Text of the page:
Think Tank Questions FCC's Network Neutrality Authority
In a filing supporting Comcast's appeal of the FCC ruling that Comcast violated the agency's network neutrality principles by throttling peer-to-peer traffic from BitTorrent, the Progress & Freedom Foundation contends the principles are not legally enforceable.
The Federal Communications Commission lacks the legal authority to enforce
its network neutrality principles approved in 2005, a Washington
think tank said Aug. 10. The Progress & Freedom Foundation Aug. 10 filed a
legal brief supporting Comcast's appeal of the 2008 FCC ruling that the cable
giant violated those principles by throttling traffic from peer-to-peer
The FCC also found that Comcast misled consumers by not properly disclosing its P2P traffic policy. In a three to two vote, the FCC ordered Comcast to stop blocking P2P traffic, disclose to the FCC the full extent of Comcast traffic policies and keep the public informed of its future network management plans.
Comcast contends that its practices were reasonable under FCC network management rules and that even if the FCC found Comcast in violation, the agency's network neutrality principles were based on an "ancillary" authority the FCC does not possess. Comcast filed its appeal in September 2008.
"Congress has not in fact delegated to the FCC any express authority to regulate Internet services. If it had, there would be no need for the Commission to strain the principle of ancillary jurisdiction to support its order," the PFF said in a friend-of-court filing. (PDF) "And its assertion of ancillary jurisdiction is untenable, exceeding any previously recognized scope and boundaries."
The think tank further contended that the FCC's "expansive theory of its ancillary authority" would grant it "completely unlimited regulatory powers over information services." The PFF also claimed there is nothing in the Communications Act that delegates any express authority to the FCC to regulate Internet service. "If anything, its history indicates Congress's affirmative desire to keep such services unregulated," the filing said.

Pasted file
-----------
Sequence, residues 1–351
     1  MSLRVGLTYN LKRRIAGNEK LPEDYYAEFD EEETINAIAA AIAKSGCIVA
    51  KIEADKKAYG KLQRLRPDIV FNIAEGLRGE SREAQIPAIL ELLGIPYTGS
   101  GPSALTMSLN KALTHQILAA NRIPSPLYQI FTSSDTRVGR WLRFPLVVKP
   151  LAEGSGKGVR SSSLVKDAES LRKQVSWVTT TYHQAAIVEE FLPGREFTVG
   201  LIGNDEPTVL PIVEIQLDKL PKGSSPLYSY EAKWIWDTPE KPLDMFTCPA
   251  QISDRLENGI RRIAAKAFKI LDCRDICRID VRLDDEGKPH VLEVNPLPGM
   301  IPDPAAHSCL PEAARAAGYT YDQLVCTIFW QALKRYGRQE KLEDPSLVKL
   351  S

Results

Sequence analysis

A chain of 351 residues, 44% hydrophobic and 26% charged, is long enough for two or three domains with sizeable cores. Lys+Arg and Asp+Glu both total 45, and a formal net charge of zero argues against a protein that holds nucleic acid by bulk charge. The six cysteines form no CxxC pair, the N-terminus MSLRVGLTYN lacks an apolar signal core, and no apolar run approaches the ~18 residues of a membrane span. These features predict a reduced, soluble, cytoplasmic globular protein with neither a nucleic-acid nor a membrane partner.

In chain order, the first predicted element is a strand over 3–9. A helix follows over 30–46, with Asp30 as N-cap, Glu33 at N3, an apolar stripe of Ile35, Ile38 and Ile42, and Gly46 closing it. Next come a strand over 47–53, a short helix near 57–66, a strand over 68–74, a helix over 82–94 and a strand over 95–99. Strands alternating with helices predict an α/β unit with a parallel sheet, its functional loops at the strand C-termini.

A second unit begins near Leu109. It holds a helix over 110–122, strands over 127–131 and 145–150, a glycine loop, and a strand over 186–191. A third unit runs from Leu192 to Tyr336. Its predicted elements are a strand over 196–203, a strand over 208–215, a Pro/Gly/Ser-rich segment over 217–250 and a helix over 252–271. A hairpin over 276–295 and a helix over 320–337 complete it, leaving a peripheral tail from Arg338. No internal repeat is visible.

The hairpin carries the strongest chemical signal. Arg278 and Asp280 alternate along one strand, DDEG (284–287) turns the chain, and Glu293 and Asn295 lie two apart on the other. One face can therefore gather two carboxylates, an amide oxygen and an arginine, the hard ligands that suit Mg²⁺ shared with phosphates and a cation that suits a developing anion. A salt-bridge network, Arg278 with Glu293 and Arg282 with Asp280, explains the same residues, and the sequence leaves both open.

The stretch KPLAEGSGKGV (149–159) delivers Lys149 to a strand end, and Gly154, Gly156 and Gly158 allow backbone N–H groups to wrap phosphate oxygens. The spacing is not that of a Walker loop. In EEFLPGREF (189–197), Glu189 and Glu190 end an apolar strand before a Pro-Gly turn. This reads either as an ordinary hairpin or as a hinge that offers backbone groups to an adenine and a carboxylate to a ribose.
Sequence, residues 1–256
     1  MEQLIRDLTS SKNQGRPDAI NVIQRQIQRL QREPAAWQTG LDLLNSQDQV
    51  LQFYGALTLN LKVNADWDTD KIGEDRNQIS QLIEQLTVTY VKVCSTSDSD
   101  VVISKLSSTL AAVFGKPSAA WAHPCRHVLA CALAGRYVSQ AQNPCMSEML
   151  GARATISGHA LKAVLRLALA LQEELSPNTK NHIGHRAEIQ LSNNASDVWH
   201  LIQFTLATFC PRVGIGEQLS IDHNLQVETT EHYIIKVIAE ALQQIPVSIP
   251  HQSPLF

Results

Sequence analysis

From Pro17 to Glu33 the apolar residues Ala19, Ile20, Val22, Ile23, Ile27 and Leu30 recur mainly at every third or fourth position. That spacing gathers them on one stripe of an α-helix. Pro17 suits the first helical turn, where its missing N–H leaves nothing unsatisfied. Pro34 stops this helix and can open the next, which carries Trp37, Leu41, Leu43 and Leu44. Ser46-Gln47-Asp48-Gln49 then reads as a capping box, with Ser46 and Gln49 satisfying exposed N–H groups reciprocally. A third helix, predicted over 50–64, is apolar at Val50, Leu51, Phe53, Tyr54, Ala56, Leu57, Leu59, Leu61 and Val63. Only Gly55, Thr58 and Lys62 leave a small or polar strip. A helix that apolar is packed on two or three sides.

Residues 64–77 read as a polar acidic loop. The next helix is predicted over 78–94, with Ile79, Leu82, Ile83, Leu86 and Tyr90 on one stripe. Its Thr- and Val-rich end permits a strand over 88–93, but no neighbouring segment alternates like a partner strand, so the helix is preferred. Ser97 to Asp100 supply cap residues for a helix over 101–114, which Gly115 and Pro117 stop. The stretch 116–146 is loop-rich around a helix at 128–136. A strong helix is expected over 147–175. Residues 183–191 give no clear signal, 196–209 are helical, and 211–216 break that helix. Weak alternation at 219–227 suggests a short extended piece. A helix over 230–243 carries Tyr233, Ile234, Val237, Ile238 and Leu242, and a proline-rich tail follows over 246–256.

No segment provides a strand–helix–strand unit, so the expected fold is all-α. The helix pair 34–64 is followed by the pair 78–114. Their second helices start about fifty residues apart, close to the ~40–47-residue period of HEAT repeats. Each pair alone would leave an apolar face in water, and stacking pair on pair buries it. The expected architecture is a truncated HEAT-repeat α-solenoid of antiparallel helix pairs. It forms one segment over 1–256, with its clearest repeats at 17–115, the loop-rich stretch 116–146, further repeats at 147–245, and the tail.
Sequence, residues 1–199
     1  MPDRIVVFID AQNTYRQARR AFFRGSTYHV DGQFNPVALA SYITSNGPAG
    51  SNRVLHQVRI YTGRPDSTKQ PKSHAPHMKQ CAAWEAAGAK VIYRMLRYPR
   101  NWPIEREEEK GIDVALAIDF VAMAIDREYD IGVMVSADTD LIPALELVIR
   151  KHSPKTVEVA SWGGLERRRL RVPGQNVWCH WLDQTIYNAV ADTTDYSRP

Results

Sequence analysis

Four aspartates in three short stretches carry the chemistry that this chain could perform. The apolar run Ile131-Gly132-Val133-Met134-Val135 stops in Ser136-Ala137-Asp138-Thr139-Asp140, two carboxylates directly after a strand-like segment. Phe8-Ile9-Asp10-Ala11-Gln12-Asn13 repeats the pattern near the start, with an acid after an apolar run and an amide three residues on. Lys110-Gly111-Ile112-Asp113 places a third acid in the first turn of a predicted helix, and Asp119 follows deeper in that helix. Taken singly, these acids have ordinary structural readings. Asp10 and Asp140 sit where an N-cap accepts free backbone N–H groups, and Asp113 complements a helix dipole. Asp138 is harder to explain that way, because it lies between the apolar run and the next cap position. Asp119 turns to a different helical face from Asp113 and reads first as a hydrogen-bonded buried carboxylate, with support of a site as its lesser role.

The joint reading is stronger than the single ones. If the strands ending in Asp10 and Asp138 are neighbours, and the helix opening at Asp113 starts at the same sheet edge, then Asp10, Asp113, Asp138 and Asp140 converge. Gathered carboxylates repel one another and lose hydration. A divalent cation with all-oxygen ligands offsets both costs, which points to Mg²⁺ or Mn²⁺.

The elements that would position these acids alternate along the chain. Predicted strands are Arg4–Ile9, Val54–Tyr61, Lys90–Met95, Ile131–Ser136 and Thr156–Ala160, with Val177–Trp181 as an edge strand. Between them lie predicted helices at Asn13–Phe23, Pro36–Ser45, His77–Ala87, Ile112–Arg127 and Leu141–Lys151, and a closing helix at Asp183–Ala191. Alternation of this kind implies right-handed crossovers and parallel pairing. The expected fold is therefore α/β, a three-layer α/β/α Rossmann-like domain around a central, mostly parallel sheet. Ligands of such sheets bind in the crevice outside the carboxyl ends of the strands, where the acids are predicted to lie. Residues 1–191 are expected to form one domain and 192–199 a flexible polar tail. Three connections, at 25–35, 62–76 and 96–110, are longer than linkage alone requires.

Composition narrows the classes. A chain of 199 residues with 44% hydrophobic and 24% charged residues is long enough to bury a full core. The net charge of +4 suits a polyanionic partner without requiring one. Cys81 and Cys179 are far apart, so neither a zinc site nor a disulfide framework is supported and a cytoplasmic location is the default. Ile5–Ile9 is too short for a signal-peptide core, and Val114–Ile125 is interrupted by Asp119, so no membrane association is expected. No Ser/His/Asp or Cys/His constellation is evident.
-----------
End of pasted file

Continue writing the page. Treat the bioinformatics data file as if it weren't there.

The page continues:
The FCC cited seven separate provisions of the Communications Act as supporting its claims of ancillary jurisdiction.
"The exercise itself-of looking for hints of authority scattered through the Act-should have convinced the commission that Congress did not actually delegate it authority to make law for Internet services," the filing stated. "Congress would have been clear had it intended to do so."
At the time the network neutrality principles were approved, even members of the FCC questioned the agency's legal authority in this area. "Policy statements do not establish rules nor are they enforceable documents," then-FCC Chairman Kevin Martin said. But he added, "Today's statement does reflect core beliefs that each member [of the FCC] holds regarding how broadband Internet access should function."
Comcast's network neutrality woes began in fall of 2007 when the Associated Press found Comcast was secretly blocking or throttling P2P traffic during peak network hours. Following the AP report, Free Press and Public Knowledge filed a complaint with the FCC, beginning the first test case of the FCC's authority to enforce its network neutrality principles.
After FCC ruled that Comcast violated the agency's network neutrality principles, Comcast Executive Vice President David L. Cohen said his company appealed the decision "to protect our legal rights and to challenge the basis on which the commission found that Comcast violated federal policy in the absence of pre-existing legally enforceable standards or rules."
Free Press Policy Director Ben Scott said the FCC acted well within its legal authority to protect an open Internet, either by adopting rules or acting on complaints.
"Comcast's appeal is predictable-the cable giant has a long history of appealing any decision it doesn't like," Ben Scott, Free Press' policy director, said in a statement. "Presented with an open-and-shut case that Comcast was secretly blocking Internet traffic, the FCC took action on behalf of Internet users everywhere. All the FCC required was for Comcast to disclose the details of its secret blocking and tell the FCC how it will end this harmful practice."
If the court eventually rules in Comcast's favor and strikes down the FCC's network neutrality principles, legislation is pending in Congress to make network neutrality the law of the land. The legislation would make it illegal for a broadband ISP to "block, interfere with, discriminate against, impair or degrade the ability of any person to use an Internet access service to access, use, send, post, receive or offer any lawful content, application or service through the Internet."
Reps. Ed Markey and Anna Eshoo introduced the Internet Freedom Preservation Act July 31 in the closing moments before lawmakers headed home for their August recess.